MOSCOW (Reuters) -- Russian President Dmitry Medvedev has signed treaties with Georgia's South Ossetia and Abkhazia that committed Moscow to defend the breakaway regions from any Georgian attack.
The treaties formalize military, diplomatic, and economic cooperation between Moscow and the separatist regions, which Russia recognized as independent states after its brief war with Georgia last month.
In Tbilisi, a senior Georgian diplomat said the treaties were a "masquerade" and that Russia had annexed sovereign Georgian territory.
Russia drew international condemnation after it sent its troops into Georgia last month and then recognized the regions, but it said it had a moral duty to act to defend them from what it called a genocide by Georgia's military in South Ossetia.
"The documents we have signed envisage that our countries will jointly undertake the necessary measures for counteracting threats to peace...and opposing acts of aggression," Medvedev said after a lavish signing ceremony in the Kremlin.
"We will show each other all necessary support, including military support," Medvedev said.
"A repeat of the Georgian aggression...would lead to a catastrophe on a regional scale, so no one should be in doubt that we will not allow new military adventures."
Western states have angered Russia by backing Georgia over the conflict. The Russian Foreign Ministry has accused NATO of Cold-War thinking
after the alliance held high-level talks in Tbilisi this week.
"We cannot view steps to intensify relations between the alliance and Georgia any other way than as encouragement for new adventures," the ministry said in a statement. Georgia is seeking to join NATO, an ambition Russia opposes.
Medvedev signed the treaties with South Ossetian leader Eduard Kokoity and Abkhaz leader Sergei Bagapsh. Afterwards, they shook hands and toasted each other with champagne.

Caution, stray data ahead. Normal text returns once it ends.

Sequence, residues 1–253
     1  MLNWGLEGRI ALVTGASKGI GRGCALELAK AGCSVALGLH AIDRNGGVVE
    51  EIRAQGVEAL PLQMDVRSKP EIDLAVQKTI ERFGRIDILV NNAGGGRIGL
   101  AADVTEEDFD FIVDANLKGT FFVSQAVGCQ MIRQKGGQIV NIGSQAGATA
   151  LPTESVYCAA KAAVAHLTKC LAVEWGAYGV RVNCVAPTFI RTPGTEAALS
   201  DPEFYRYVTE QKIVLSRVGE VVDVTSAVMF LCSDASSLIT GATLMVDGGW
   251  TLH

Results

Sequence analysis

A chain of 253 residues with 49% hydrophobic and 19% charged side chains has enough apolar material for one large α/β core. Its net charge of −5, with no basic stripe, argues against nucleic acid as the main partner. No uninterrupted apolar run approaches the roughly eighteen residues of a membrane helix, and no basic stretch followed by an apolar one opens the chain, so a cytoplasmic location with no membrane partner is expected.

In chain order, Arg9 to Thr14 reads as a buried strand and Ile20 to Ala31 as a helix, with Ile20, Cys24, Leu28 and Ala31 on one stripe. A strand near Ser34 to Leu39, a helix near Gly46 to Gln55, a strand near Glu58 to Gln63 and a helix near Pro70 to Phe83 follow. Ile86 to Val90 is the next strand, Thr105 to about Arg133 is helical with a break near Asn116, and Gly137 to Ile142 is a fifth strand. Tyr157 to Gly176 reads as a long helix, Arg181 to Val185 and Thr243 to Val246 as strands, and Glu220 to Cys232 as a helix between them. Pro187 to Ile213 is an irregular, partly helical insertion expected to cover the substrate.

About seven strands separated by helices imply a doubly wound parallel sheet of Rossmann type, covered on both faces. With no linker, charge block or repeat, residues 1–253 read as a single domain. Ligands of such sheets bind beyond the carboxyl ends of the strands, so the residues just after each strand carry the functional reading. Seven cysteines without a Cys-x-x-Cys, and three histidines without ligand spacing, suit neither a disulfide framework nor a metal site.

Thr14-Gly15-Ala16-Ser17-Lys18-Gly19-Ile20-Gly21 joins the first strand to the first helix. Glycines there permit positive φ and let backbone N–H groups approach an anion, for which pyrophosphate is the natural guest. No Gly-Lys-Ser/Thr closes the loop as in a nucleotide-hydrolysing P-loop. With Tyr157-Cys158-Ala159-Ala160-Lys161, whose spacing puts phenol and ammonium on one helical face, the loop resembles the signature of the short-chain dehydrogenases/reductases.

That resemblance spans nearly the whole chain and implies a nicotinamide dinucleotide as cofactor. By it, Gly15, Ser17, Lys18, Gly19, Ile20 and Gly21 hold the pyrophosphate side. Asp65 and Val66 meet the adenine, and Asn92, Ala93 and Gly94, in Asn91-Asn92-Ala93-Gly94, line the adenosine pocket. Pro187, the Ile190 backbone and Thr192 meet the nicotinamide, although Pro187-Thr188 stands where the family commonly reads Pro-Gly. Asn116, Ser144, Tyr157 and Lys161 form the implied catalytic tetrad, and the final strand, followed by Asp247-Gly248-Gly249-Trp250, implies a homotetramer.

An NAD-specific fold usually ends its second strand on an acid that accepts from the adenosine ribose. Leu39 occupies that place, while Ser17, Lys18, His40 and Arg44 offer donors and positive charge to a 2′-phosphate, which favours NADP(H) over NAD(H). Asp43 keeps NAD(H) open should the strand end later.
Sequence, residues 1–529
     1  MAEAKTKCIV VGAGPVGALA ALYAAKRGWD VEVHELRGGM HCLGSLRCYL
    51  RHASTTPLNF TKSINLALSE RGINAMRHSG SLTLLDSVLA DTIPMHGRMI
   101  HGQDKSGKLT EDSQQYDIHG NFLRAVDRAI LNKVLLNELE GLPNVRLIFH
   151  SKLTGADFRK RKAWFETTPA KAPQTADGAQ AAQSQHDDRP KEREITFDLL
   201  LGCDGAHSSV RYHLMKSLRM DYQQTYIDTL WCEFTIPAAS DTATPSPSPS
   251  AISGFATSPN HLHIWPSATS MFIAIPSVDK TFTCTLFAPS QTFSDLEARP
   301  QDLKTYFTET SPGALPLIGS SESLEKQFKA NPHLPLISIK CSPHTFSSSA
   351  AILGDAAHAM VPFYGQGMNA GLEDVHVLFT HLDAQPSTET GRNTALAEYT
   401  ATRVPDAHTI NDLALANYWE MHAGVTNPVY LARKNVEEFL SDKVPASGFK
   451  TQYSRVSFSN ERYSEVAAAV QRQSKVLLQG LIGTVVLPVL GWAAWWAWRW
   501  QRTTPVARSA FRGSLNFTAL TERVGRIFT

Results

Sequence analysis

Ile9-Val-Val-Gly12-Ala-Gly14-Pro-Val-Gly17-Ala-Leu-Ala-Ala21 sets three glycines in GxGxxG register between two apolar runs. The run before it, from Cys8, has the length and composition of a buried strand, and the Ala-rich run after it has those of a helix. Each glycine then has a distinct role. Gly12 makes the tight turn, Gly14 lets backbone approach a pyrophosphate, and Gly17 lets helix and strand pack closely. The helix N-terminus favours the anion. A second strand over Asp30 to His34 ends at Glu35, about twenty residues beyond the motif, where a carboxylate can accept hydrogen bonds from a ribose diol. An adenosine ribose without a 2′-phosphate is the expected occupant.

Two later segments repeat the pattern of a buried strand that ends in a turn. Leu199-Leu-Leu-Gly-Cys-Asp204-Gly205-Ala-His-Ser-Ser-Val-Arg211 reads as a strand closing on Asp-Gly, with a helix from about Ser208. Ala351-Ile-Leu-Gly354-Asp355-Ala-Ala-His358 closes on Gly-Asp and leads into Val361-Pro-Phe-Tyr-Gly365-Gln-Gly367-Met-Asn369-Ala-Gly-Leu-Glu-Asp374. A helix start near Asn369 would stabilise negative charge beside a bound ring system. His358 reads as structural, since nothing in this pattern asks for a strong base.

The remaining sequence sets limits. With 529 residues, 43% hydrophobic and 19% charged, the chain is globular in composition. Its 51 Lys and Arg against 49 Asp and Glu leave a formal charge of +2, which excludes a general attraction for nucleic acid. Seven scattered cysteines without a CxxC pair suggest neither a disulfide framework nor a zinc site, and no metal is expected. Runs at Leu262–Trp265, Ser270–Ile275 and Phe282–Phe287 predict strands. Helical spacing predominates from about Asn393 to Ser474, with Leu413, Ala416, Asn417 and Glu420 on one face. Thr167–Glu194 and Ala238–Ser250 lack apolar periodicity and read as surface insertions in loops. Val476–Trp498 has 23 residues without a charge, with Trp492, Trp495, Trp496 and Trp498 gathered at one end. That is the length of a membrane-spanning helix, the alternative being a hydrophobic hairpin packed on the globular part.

The two separatist leaders were given all the trappings accorded to sovereign heads of state, with their regions' flags displayed in the Kremlin and an announcer introducing them to guests in their national languages.
Only Nicaragua has followed Moscow's lead and recognized the enclaves as independent, despite a diplomatic drive by Russia to persuade its allies to grant them recognition.
"As we were saying before, this is an unconcealed annexation of these territories by Russia. The rest is just a masquerade," Georgian Deputy Foreign Minister Giga Bokeria told Reuters when asked to comment on the treaties.
"It's a violation of Georgia's sovereignty and territorial integrity," he said.
Moscow plans to base about 7,600 troops in the two regions, and the separatists already receive substantial economic support from the Russian government.
The treaties underlined the closeness of the relationship. The documents stated that Russia will take measures to support the functioning of the regions' financial and banking systems since the Russian rouble is their main currency.